SURFRIDER HOSTS INTERNATIONAL COASTAL CLEANUP AT SAND ISLAND BEACH PARK WITH HONBLUE ON SAT., SEPT. 25, 9:00-11:30AM
Honolulu, Oahu (September 13, 2010): In honor of Ocean Conservancy’s 25th Annual International Coastal Cleanup, the Surfrider Foundation’s Oahu Chapter is hosting the Get The Drift & Bag It beach cleanup at Sand Island Beach Park on Saturday morning, September 25th, from 9 am – 11:30 am. Surfrider is partnering with HONBLUE to clean the park and identify sources of debris in an effort to restore Hawaii’s beaches and waterways to their natural state. Participants are advised to meet in the last parking lot and look for the Surfrider and HONBLUE tents. Sign-in starts at 9:00 am, and lunch and prizes will be offered after the cleanup.
“HONBLUE is excited to have this opportunity to partner with Surfrider Oahu as our clients, vendors and employees are all members of the Oahu community. This event gives us all a chance to responsibly give back to the community at large by cleaning up and educating people about our most valuable commodity – beaches,” says Shannon Hines, HONBLUE’s LEED Green Associate Conservation & Sustainability Officer.
The Get The Drift & Bag It beach cleanup is one of Oahu’s largest volunteer efforts to clean local beaches of debris and improve the health of our oceans. Keeping them free of trash will help preserve our biologically rich ecosystems and save endangered creatures like sea turtles, monk seals and sea birds that ingest or become entangled in plastic marine debris. These cleanups also benefit ocean goers, fishermen and visitors to our island as well as preserve the natural beauty of our island community.
Each year, Ocean Conservancy provides a compelling global snapshot of marine debris collected and recorded at more than 6,000 sites all over the world on a single day during the International Coastal Cleanup. During the 2009 International Coastal Cleanup, 498,818 volunteers picked up 7.4 million pounds of marine debris, in 108 countries and locations around the world and 45 US states and the District of Columbia. The majority of the debris is land-based plastic. For more details about Surfrider’s Rise Above Plastics (RAP) Campaign and their monthly beach cleanups, visit www.surfrider.org/oahu.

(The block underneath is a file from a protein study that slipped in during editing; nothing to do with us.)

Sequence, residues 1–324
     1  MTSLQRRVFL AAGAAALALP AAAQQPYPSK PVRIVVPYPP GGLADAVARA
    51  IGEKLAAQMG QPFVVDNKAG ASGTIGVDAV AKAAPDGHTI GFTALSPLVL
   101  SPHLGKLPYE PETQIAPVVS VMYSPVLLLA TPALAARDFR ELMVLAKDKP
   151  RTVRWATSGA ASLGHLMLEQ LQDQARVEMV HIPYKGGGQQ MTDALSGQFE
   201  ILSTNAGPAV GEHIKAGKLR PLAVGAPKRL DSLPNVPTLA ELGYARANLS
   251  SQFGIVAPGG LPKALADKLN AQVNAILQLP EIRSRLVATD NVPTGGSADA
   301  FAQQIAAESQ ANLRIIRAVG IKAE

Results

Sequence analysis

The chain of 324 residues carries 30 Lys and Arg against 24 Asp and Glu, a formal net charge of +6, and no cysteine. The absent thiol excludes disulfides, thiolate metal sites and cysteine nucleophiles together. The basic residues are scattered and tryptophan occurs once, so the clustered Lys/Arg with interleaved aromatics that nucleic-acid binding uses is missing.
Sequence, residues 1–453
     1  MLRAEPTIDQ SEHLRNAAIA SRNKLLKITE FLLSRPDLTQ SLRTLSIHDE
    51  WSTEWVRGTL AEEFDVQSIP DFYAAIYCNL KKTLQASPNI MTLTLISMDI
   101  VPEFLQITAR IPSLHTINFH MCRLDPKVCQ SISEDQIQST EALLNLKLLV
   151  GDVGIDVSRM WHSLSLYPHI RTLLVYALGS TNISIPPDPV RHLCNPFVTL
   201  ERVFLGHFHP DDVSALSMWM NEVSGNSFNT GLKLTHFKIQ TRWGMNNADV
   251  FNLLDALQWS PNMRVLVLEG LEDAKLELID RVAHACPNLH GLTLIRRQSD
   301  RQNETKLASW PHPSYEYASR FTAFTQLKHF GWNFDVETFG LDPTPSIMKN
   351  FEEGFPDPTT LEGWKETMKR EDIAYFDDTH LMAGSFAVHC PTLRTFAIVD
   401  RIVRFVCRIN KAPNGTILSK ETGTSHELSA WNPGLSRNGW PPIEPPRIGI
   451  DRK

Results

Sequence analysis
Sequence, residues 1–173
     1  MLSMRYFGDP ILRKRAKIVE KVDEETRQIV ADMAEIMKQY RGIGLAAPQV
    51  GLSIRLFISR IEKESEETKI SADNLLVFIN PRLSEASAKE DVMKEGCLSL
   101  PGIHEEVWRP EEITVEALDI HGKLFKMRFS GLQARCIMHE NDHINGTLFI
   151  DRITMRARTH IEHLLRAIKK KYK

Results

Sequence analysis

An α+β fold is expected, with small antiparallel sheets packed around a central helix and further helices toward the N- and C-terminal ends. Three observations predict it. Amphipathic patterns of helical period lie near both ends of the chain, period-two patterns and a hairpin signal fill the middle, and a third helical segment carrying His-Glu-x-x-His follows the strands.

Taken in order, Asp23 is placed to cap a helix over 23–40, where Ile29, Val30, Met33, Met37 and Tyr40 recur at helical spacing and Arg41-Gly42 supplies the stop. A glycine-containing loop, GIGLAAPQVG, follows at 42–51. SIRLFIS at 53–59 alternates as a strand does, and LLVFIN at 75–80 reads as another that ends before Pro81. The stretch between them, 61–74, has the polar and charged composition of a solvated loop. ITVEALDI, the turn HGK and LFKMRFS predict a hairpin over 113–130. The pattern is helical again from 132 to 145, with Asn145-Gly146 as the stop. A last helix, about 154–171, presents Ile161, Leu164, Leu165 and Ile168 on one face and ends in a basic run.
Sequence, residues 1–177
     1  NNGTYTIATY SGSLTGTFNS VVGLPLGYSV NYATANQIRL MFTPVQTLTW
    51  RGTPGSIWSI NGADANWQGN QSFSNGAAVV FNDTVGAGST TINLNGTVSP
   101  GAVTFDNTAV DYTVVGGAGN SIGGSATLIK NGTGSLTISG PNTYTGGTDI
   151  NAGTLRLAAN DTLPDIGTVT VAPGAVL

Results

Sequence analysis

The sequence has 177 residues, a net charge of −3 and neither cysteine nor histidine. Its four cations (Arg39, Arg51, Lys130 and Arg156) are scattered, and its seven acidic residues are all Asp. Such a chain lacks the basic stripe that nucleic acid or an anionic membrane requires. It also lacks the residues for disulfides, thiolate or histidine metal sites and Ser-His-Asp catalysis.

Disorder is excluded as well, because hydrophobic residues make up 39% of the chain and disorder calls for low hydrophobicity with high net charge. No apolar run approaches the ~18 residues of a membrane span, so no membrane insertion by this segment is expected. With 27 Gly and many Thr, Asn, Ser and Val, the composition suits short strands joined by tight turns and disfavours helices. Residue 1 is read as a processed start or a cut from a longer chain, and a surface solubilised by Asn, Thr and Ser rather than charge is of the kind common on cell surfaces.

“We’re stoked to be working with HONBLUE on this beach cleanup,” says Stuart Coleman, Surfrider’s Hawaii coordinator. “Partnering with local companies like HONBLUE on our cleanups, we can share more about Surfrider’s campaigns to protect our coastlines, while also learning about their efforts to be more sustainable.”
HONBLUE is Hawaii’s largest reprographics imaging company. Since 1967 they have offered award winning document reproduction services to Hawaii’s Architects, Developers, Contractors, Lawyers, Ad Agencies, Engineers, and Corporations. HONBLUE provides technologically advanced information systems that facilitate the flow of business data and images. From print and distribute to web based project collaboration, HONBLUE manages the information that builds Hawaii. For more information, go to www.honblue.com.
Ocean Conservancy’s 35-year legacy continues as they translate threats into sound, practical policies that protect our ocean and improve our lives. They recognize that real leadership means real cooperation – between governments, businesses, scientists, policymakers, conservation organizations, and citizen advocates. With increasing help, they’ll continue to create concrete solutions that lead to lasting change – so we can all experience the ocean for generations to come. For more information, go to www.oceanconservancy.org.
The Surfrider Foundation is dedicated to the protection and preservation of our world’s oceans, waves and beaches. Founded in 1984 by a handful of visionary surfers, the Surfrider Foundation now maintains over 50,000 members and 63 chapters around the world. The Oahu Chapter is in its 14th year of activism and has been working on issues of beach access, water quality, coastal preservation, and plastic marine debris. For more information, go to www.surfrider.org/oahu.